People often compare computers with our brains, but there are important differences between them. One difference, which the wider public seldom thinks about, is that computer brains are made of silicon while our brains are made of carbon. All known life is made of carbon, which is the most versatile element in the universe. Why should computers be made of silicon, even if it is the second most versatile element in the universe? IBM now thinks that the silicon age of computers is about to end, and that we might see the first carbon computer in just six years.
It is a bold statement, tempered with caveats, made more with hope than authority. Carbon nanotube chips would be not very different from silicon chips, only much faster. However, making them in large scale still requires significant technology advances. The year 2020 is around the time when silicon is supposed to hit a roadblock, yet again.
It will be great to get nanotube chips ready by then. This is what IBM hopes for, and also a large section of the industry also hopes for. According to the International Technology Roadmap for Semiconductors, an industry organisation formed by the leading semiconductor companies in the world, silicon chips would reach a feature size of four nanometers by 2020, which is three generations from the current 22 nanometers. No one has an answer to the intense technical problems that can crop up at this size.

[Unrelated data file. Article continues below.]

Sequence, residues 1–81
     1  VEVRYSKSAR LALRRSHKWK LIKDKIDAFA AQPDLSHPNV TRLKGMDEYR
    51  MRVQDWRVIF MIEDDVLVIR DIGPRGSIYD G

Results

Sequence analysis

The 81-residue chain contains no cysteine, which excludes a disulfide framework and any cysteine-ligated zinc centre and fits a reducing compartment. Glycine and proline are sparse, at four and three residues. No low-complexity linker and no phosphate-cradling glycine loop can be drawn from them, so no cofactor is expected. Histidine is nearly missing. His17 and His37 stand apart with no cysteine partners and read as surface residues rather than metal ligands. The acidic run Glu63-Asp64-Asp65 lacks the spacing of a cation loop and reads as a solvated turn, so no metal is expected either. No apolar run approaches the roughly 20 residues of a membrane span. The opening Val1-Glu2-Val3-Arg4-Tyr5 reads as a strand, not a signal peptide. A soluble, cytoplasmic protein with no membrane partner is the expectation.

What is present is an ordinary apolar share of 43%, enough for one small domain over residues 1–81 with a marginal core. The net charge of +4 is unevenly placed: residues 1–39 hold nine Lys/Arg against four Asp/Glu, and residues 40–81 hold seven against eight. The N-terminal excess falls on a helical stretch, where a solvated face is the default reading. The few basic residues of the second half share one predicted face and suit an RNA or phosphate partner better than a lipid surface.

The industry wants to get a replacement technology by then, and carbon nanotubes seem to be its best bet at the moment. It is not a passing issue but a serious problem that can slow down the industry significantly. It could slow down global innovation too, as much of technology innovation is based on continual increase of computing power. According to the Linley Group, a technology consultancy, costs per transistor are set to rise from now onwards, after falling steadily for decades.
The next generation of chips, of 14 nanometer size, may be expensive and not so widely used for a while. Technical problems and the cost increase as they shrink further. Currents leak. Chips get too hot. They resist mass production. The industry needs new materials for chips, and many have been tried. Nanotubes have performed very well, and they have the additional advantage of being technologically similar to silicon and yet being carbon, a smaller atom that may one day let us do many wonderful things.
IBM’s research gives us hope that nanotubes will work, as the company has made nanotube transistors already. But the nanotubes are not close enough to each other; it is a difficult problem to solve because we do not have the technology to do so. What if it is not solved by 2020? One factor we often forget, due to our obsession with Moore’s Law, is that software has been advancing too, at least as rapidly as hardware has done.
Advances in software can drive computing even if hardware grinds to a halt for some time. Let us look at how brains evolved. Between two million and 100,000 years ago, the human brain rapidly increased in size in two spurts. But it has decreased in size by 10% in the last 15,000 years. Does that mean that we are less intelligent than our ancestors? Probably not.
After reaching a certain size, the brain may have learned to work more efficiently. The human brain needs a lot of energy, and it is always good to have it just at the right size. Chips can follow the same logic in reverse. As their size stands still, we can make them more efficient.